Perhaps nothing can so symbolize the death of the paranoid thriller so easily as the two versions of Edge of Darkness. In its first incarnation, it was an overlong, over-complicated UK miniseries from 1985 that began with a man’s daughter’s death that turned out to be connected to a conspiracy involving nuclear weapons that includes the government in its wrongdoing that was nonetheless extremely popular with critics and the public. In 2005, writer/director Martin Campbell brought his own series back with a film version, attaching disgraced star Mel Gibson. (Presumably, the interest in the film was not high enough to attract a star who could get other work more easily.) Neither critics nor audiences embraced the film and, even though it was a much more tightly focused and interesting version of the narrative than the earlier version, it sank from view quickly.

I won’t pretend to be able to predict whether the paranoid thriller will return, but it seems to have died a quiet death sometime in the 1990s, and it’s a shame, because it has long been an enjoyable and endlessly adaptable genre that has provided us with innumerable memorable films. Films like Night of the Living Dead (George A Romero, USA 1968) slowly turned horror into the genre du jour for making points about possible political dangers and modern political documentarians have proven adept at using people’s willingness to accept conspiracies to drive their own work, and we don’t seem to be on the verge of turning back anytime soon.

Movie Review: “Divergent” (Neil Burger, USA 2014)

Neil Burger’s career as a director has been awful. He directed The Illusionist (USA/Czech Republic 2006)—an awful, pointless film that seems to have been released at the same time as The Prestige (Christopher Nolan, USA/UK 2006) in order to confuse viewers into going to watch the wrong film. Then he made an entire film based on the far-too-common myth that people only use some small percentage of their brain in Limitless (USA 2011), apparently hoping that enough people only used a small enough percentage of their brain to be happy with that dumb action movie with science fiction window dressing. And yet, he not only keeps getting more at-bats, but he’s getting them with increasingly higher stakes, and he keeps getting praised along the way.

So, of course, when he had a new big-budget young-adult film coming out with a plot so outlandish that it was laughable in the logline, I was first in line. If you took that line seriously, adjust your sarcasm meter. (Go ahead. I’ll wait. You’re going to need it.)

I actually decided to watch this film because of the vast wasteland that is spring in movies and because I hate to miss a Kate Winslet* performance.

The basis of the film is pretty simple: in a post-apocalyptic future, only one city remains (as far as we know), and the leaders have organized the city into “factions” that are supposedly based on their personalities in order to keep everyone contented enough that the wars that destroyed the world don’t return. There are the jocks, the nerds, the . . . oh, wait, we’re supposed to be pretending this isn’t really just an adaptation of a middle school lunch room: the Dauntless, the Erudite, the Candor, the Amity, and the Abegnation. At age 16, every child takes a personality test and then chooses a faction, most following the test’s result but with no such requirement. It’s not dissimilar from Harry Potter’s Sorting Hat, though its insistence on claiming that it’s based on “personality” gives everything a veneer of legitimacy.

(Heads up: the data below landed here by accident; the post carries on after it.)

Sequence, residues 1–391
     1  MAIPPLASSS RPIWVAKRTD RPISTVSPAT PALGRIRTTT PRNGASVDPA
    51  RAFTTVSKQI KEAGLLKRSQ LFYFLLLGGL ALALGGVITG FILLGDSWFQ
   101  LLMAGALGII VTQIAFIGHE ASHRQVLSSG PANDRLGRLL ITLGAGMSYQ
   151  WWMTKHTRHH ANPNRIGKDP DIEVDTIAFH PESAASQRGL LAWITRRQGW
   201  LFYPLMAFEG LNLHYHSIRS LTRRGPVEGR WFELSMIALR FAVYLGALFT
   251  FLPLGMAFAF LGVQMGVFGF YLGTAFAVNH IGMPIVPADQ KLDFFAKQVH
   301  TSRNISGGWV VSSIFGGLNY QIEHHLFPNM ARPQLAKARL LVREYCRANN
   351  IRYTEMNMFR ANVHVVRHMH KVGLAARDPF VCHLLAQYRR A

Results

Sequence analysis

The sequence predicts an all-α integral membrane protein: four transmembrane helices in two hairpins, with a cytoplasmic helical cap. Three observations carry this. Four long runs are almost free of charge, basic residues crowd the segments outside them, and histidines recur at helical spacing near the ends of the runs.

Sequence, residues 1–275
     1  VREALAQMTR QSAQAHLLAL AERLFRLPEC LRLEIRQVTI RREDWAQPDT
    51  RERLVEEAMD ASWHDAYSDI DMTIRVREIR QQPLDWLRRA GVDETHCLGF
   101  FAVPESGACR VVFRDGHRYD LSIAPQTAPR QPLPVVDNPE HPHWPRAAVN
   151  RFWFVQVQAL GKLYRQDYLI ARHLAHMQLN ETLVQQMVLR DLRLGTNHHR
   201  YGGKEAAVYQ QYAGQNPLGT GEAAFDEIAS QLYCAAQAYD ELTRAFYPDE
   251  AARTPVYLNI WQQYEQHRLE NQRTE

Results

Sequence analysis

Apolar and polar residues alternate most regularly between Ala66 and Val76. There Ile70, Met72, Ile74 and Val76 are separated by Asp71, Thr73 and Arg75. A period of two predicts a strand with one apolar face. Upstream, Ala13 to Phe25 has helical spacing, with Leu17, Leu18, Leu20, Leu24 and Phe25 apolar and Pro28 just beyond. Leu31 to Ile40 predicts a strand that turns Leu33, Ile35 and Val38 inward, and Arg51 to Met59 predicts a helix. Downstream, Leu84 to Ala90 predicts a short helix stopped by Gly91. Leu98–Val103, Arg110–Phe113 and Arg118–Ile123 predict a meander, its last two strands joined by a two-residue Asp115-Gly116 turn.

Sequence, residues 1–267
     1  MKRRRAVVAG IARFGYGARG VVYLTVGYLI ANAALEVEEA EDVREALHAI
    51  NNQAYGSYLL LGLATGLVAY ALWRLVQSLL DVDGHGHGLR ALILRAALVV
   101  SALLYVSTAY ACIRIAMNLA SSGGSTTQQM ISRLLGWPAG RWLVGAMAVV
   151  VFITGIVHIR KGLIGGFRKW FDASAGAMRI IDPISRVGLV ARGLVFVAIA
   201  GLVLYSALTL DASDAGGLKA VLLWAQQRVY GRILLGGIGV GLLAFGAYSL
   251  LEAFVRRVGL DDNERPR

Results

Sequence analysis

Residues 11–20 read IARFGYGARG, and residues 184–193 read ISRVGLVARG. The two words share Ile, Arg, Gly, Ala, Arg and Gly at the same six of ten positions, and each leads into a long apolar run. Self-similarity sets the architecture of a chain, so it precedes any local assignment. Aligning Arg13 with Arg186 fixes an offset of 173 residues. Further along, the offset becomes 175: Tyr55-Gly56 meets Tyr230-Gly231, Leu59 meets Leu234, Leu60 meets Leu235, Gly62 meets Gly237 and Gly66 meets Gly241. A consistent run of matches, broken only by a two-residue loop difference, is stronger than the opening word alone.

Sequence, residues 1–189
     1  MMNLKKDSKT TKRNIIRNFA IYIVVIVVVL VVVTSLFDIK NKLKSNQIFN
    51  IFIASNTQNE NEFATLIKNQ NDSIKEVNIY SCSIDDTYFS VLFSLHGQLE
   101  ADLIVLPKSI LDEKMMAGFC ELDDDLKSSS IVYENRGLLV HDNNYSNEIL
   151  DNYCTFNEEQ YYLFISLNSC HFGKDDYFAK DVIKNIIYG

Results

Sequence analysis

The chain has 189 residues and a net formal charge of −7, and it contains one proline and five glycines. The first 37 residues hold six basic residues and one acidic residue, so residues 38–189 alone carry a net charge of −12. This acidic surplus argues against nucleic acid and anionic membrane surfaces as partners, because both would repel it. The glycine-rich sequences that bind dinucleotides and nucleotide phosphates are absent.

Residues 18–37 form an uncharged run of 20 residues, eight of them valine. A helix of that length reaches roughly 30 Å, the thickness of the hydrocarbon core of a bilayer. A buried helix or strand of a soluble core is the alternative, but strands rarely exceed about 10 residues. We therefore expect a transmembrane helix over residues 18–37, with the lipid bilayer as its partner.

Beatrice “Tris” Prior, born to the selfless Abnegation faction (Who are amazingly good-looking, clean-skinned people for “rejecting vanity” and have incredible hair and makeup for people who dislike mirrors.), takes the test and is given the extraordinarily rare result that she is “divergent”—she doesn’t fit any one faction. Since it’s a young adult story, we know where this is going: she’s going to go join the most fun faction (Dauntless, the fearless warriors–just imagine how boring a movie of Abegnation or Amity would be!) and fake fitting in, start out having trouble but eventually become a leader, find another divergent to fall in love with, and then lead the revolution against this bizarre totalitarian regime.

And, that’s exactly what happens. Every note of this film is so telegraphed as to be almost a joke. One character ham-handedly asks Tris whether all Abegnation parents beat their children like the leader does before we get the “shocking” revelation that Four—the Divergent she’s fallen for—is the abused son of the Abegnation leader. Tris is confused about her own choice but sure that her brother will join Abegnation so that we are “shocked” when he instead chooses Erudite and places even more pressure on his sister. The tester who gives Tris her results (Who is somehow mysteriously present at all important events even though her day job is apparently working as a tattoo artist . . . okay . . . ) turns out to have had a Divergent brother who also joined Dauntless only to be killed when his Divergent status was discovered. And those are just a few examples of how obvious this film is at every turn.

Well, is that obviousness unforgivable? Certainly not, if the plot is serving, as film plots should, as a vehicle for some deeper and broader point. But, Burger doesn’t have a point. The plot is all he has. And if you’re going to have nothing but a plot, you sure as hell should have a plot less obvious and predictable than this tripe.

Perhaps one could argue that I am unfairly using adult standards to judge a film aimed at teenagers. Here are some of the lessons Burger seems to be teaching, though none of them ties together the entire film: